China is reluctant to relinquish control over its domestic grain stockpiles, an issue that has been a sticking point in a broader U.S.-China trade deal, according to America’s top agricultural trade negotiator.
China is unwilling to open its corn, rice and wheat markets to broader market forces that would allow for freer imports, Gregg Doud, the chief agriculture negotiator for the U.S. Trade Representative, said at an industry conference in Kansas on Thursday. China subsidizes its domestic corn and rice growers, which unfairly boosts supplies and limits imports, he said.
In recent negotiations, Han Jun, China’s vice agriculture minister, had pushed back at the U.S. proposal for China to open its grains market, Doud said.
“I had this conversation with Han Jun. I said, ‘Look, our point is the fact that China has to begin to expose itself to the vagaries of supply and demand in the marketplace in agriculture. You’ve got to reduce your domestic supports, you’ve got to have your tariff-rate quotas work in a way that this exposes you to the marketplace,” Doud said.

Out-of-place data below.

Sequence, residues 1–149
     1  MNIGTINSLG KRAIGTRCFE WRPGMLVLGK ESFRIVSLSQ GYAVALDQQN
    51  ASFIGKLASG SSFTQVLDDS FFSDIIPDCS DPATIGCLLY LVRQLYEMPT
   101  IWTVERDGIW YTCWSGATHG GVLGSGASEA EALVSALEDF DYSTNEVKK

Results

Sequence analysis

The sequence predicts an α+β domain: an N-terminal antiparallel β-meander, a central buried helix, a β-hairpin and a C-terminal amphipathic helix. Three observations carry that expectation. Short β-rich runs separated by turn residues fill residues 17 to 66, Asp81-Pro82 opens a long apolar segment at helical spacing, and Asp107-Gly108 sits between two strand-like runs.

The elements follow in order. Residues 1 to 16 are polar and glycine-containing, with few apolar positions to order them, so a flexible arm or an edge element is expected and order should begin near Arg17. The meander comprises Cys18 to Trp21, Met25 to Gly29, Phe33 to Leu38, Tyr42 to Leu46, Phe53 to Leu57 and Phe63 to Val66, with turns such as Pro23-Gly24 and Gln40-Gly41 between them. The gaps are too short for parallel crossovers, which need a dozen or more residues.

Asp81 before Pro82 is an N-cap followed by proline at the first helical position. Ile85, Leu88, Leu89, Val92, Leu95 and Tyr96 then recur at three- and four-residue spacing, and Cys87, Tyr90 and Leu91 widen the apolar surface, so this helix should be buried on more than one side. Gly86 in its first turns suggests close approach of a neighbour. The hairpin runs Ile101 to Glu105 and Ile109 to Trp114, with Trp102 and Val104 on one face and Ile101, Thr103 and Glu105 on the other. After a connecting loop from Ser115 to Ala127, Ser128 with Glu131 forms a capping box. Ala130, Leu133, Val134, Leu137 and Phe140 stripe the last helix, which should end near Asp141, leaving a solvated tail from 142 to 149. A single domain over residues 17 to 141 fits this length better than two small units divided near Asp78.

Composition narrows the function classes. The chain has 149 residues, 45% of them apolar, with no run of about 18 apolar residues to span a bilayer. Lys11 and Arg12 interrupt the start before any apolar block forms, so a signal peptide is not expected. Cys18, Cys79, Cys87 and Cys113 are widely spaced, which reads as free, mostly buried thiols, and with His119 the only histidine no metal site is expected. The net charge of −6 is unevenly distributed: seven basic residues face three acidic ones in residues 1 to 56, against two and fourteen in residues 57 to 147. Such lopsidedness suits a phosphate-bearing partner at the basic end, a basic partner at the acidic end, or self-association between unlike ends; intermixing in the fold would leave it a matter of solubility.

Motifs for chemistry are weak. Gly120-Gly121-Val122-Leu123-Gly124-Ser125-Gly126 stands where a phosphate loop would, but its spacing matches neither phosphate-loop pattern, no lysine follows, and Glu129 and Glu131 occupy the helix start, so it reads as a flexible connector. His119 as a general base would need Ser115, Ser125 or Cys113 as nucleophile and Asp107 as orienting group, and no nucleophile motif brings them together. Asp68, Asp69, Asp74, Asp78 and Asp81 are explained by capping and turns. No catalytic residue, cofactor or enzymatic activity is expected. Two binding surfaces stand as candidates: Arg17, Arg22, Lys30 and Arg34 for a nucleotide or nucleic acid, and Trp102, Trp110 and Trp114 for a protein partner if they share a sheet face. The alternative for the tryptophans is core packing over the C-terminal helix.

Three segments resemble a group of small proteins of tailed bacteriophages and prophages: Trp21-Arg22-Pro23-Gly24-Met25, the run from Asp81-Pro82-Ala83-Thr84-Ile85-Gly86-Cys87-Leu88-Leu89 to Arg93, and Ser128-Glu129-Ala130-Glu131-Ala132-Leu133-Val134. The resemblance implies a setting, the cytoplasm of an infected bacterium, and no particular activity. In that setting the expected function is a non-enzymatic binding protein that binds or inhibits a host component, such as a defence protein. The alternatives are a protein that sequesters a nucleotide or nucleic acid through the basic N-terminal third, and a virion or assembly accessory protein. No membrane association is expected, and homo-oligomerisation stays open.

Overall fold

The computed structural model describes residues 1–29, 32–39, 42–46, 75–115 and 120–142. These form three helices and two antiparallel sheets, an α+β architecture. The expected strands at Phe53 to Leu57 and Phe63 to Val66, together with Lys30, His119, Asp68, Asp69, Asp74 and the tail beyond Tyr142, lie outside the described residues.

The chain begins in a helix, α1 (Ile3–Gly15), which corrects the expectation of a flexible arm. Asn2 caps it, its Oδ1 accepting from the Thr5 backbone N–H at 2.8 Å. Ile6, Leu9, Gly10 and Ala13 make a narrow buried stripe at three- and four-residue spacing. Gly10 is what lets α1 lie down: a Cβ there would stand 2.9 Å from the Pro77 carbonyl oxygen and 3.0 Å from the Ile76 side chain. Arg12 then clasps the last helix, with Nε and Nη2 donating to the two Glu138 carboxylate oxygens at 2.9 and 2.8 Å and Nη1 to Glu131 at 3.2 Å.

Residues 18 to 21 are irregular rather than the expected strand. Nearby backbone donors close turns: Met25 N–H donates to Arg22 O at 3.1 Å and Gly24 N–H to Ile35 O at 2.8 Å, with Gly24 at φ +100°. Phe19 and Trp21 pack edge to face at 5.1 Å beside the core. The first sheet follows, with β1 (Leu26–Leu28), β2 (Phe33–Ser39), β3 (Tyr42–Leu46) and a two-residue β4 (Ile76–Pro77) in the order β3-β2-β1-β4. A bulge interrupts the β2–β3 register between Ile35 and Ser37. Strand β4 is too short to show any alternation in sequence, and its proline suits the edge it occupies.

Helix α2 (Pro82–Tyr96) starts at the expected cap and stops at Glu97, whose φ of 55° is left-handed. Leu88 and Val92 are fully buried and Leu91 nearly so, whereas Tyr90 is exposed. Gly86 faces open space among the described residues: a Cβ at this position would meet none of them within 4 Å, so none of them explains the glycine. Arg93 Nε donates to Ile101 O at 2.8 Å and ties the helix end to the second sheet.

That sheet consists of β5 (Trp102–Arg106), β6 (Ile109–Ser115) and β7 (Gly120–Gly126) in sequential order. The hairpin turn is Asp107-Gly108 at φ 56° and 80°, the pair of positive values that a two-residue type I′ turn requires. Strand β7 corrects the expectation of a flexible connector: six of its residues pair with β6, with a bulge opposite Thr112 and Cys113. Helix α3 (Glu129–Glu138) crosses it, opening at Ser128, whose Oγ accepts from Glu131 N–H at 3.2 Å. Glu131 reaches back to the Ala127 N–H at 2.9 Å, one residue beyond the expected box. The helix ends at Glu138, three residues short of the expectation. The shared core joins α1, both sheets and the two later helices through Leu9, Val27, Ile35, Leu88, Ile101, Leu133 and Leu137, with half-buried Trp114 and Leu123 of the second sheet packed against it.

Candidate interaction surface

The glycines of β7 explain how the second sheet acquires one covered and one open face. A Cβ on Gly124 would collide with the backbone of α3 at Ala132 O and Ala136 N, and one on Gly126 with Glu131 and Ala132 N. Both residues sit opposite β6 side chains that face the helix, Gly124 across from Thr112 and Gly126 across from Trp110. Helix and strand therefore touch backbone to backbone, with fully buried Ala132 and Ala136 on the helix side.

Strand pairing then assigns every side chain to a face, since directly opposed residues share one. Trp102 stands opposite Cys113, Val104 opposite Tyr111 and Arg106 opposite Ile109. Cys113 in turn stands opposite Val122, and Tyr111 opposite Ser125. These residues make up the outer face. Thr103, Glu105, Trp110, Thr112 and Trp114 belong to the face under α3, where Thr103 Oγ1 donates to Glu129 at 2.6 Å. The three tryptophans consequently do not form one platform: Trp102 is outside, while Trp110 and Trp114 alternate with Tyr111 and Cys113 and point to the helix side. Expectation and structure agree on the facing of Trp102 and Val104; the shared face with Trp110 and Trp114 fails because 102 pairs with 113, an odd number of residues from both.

‘It Shocked Me’
“From the U.S. perspective, maybe every two or three years you have to buy 5 million metric tons of corn. What I’m going to share with you this evening is his reaction — because it shocked me. When I said that, he physically bristled. ‘I don’t know if the world can handle it if China buys 5 million tons of corn’ — that was his answer. That was one of those salient moments that you see what the mindset really is — they want to have control over this, they don’t want to have that exposure.”
Doud’s comments offer a rare glimpse into one of the sticking points in the negotiations, which is expected in the near future after recent high-level meetings in Beijing and Washington.
The comments may dishearten U.S. farmers, who were hoping that China’s move to start buying from America again was a sign of bigger orders ahead. China was proposing an additional $30 billion a year more in U.S. agricultural purchases on top of pre-trade war levels, people with knowledge of the plan had said in February. It’s been buying American corn, soybeans, pork and sorghum in recent months.
Still, Han Changfu, China’s agriculture minister, said the country will revive its domestic soybean production and continue to offer subsidies to soy and corn farmers this year. That’s part of the country’s effort to stabilize its total grain acreage and output, which had dropped after the nation moved to cut corn plantings, he said during the annual National People’s Congress meeting in Beijing last month.